Insurers slam new reform rulesNews added by Benefits Pro on February 26, 2013

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By Kathryn Mayer

The health insurance industry is arguing that new health reform regulations just issued by the Obama administration will result in sudden and sharp cost increases for health care.

America’s Health Insurance Plans criticized the Department of Health and Human Services on finalizing the age rating restrictions included in the health care reform law on Friday—a move they say will result in an “overnight increase” in coverage for young people.

“Coverage needs to be affordable for individuals and families in order to achieve broad participation in the health care system,” AHIP President and CEO Karen Ignagni said in a statement. “The new restrictions on age rating will result in an overnight increase in health care costs for people in their 20s, 30s and early 40s. This increases the likelihood that younger, healthier people forgo purchasing insurance until they are sick or injured. When this happens, costs go up for everyone, young and old.”

The new restrictions on age rating take effect at the same time as the reform law’s minimum essential health benefits requirement and the new $100 billion health insurance tax that will further add to the cost of coverage, Ignagni also argued.

In comments previously submitted to HHS, AHIP had urged regulators to delay implementation of the age rating restrictions to avoid significant cost increases for younger people at a time when the broader reforms are taking effect. These concerns were echoed by the National Association of Insurance Commissioners in their comments: “With a transition to the required 3:1 age ratio, younger, healthier individuals will experience more gradual rate increases rather than large one-time rate shocks and will be less likely to drop coverage and further destabilize the market.”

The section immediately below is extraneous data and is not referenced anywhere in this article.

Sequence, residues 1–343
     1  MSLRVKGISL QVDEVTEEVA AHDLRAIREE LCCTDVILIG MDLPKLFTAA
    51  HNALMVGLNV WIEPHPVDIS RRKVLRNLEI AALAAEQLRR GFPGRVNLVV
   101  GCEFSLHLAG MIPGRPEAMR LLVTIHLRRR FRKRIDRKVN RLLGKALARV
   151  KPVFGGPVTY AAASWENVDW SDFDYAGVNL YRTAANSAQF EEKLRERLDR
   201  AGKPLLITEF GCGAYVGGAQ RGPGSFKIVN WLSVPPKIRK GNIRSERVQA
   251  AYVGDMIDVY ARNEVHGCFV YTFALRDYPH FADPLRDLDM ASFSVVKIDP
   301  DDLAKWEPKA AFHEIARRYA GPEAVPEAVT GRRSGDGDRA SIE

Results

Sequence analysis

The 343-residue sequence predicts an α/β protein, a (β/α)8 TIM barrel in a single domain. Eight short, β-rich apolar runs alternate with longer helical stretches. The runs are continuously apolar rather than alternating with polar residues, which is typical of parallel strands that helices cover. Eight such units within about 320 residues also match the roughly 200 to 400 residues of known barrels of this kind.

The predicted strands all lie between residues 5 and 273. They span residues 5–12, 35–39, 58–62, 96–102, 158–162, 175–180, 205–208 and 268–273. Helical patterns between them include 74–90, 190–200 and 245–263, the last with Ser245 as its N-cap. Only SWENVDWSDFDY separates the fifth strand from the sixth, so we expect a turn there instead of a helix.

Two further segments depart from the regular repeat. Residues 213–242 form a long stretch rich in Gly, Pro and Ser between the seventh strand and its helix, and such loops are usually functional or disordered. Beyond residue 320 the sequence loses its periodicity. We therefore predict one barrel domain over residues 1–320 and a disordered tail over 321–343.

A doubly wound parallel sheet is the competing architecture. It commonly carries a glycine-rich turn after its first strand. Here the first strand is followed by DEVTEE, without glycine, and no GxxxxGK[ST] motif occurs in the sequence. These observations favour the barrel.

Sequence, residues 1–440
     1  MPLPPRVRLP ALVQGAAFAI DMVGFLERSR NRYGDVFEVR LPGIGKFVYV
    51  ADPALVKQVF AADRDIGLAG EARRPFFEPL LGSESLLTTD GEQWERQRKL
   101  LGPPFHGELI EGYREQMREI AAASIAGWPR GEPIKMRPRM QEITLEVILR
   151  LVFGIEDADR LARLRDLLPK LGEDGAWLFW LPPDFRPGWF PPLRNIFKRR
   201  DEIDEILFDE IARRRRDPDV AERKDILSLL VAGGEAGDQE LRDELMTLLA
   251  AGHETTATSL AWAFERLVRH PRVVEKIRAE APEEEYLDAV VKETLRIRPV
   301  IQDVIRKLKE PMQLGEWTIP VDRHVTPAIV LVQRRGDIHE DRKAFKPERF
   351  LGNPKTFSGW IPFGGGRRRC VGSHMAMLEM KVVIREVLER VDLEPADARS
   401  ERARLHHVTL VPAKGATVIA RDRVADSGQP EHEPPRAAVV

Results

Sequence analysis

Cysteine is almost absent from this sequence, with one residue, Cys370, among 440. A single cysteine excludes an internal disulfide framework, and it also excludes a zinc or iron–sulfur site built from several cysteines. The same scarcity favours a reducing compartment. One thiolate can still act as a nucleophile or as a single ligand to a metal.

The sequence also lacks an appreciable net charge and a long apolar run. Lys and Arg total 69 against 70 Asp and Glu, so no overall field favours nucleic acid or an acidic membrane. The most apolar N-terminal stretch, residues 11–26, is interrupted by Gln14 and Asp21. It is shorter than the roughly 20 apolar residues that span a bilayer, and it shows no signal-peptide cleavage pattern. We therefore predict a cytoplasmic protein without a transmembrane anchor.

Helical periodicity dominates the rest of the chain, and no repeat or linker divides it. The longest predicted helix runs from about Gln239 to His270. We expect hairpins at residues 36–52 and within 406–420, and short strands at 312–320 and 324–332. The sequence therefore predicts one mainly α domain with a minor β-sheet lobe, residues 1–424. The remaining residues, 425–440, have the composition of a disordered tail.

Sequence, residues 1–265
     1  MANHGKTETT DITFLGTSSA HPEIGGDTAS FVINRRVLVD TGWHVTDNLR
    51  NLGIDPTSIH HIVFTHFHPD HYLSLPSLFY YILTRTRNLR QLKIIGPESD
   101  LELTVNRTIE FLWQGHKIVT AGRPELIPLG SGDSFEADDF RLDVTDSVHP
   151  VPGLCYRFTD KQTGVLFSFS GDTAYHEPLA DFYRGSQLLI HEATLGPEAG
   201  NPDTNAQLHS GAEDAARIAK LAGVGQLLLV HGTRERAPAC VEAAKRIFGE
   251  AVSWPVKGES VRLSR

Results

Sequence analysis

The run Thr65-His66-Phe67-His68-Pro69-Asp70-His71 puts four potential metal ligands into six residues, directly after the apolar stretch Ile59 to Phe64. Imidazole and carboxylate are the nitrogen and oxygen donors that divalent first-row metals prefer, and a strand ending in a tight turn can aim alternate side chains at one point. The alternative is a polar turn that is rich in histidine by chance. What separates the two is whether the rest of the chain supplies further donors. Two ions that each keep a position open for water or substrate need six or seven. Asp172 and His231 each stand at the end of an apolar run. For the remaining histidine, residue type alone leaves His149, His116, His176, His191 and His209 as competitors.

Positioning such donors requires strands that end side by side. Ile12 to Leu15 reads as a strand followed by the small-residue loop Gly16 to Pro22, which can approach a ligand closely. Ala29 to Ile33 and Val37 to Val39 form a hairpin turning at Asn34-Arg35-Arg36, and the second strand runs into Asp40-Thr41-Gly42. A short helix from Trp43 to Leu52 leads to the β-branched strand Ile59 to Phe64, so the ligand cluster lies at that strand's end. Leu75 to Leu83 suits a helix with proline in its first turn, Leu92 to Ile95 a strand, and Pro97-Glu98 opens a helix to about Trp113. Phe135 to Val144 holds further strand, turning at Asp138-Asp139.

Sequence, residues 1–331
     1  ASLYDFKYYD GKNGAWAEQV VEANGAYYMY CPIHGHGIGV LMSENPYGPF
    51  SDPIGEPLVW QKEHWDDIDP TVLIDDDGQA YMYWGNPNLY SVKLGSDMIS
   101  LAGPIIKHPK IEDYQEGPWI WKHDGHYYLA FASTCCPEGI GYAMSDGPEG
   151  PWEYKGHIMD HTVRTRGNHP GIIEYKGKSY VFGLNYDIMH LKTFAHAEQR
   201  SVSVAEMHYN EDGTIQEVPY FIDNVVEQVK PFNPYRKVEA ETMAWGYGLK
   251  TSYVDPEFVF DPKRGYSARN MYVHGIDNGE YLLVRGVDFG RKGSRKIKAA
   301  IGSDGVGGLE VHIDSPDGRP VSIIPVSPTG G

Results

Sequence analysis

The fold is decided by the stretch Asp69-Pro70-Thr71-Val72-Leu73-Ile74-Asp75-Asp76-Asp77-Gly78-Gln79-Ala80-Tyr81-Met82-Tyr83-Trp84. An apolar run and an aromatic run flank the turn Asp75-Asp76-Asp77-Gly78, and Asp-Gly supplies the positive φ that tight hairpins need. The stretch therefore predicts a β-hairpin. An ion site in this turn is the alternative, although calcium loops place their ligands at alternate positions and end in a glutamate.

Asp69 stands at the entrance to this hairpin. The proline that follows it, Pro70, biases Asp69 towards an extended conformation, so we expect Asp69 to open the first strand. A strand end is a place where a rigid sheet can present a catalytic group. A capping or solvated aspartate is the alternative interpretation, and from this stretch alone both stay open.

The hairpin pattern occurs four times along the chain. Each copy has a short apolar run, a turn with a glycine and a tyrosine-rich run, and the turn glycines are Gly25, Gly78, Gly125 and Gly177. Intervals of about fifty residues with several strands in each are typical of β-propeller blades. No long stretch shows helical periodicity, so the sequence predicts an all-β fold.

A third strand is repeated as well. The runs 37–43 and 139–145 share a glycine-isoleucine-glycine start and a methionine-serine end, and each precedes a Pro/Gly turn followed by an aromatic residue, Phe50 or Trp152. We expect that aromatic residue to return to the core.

But HHS said in final regulations Friday that it would not delay or phase in that requirement.

Under health reform, insurers are limited to the amount they can charge older people for their health insurance to a maximum of three times the amount younger people pay.

Supporters say the age rating restrictions are necessary to ensure seniors are fairly charged for coverage, but others argue the requirement will raise costs for young adults and lead them to forgo health insurance, which will negatively impact the entire market.

“Higher rates for the younger population combined with low mandate penalties during the first years of the ACA implementation will result in adverse selection because younger individuals are likely to choose not to purchase coverage,” AHIP wrote in comments to HHS. “When these younger individuals do not enroll, destabilization of the individual market will occur, premiums will increase in the individual market for enrollees of all ages, and enrollment will decline.”

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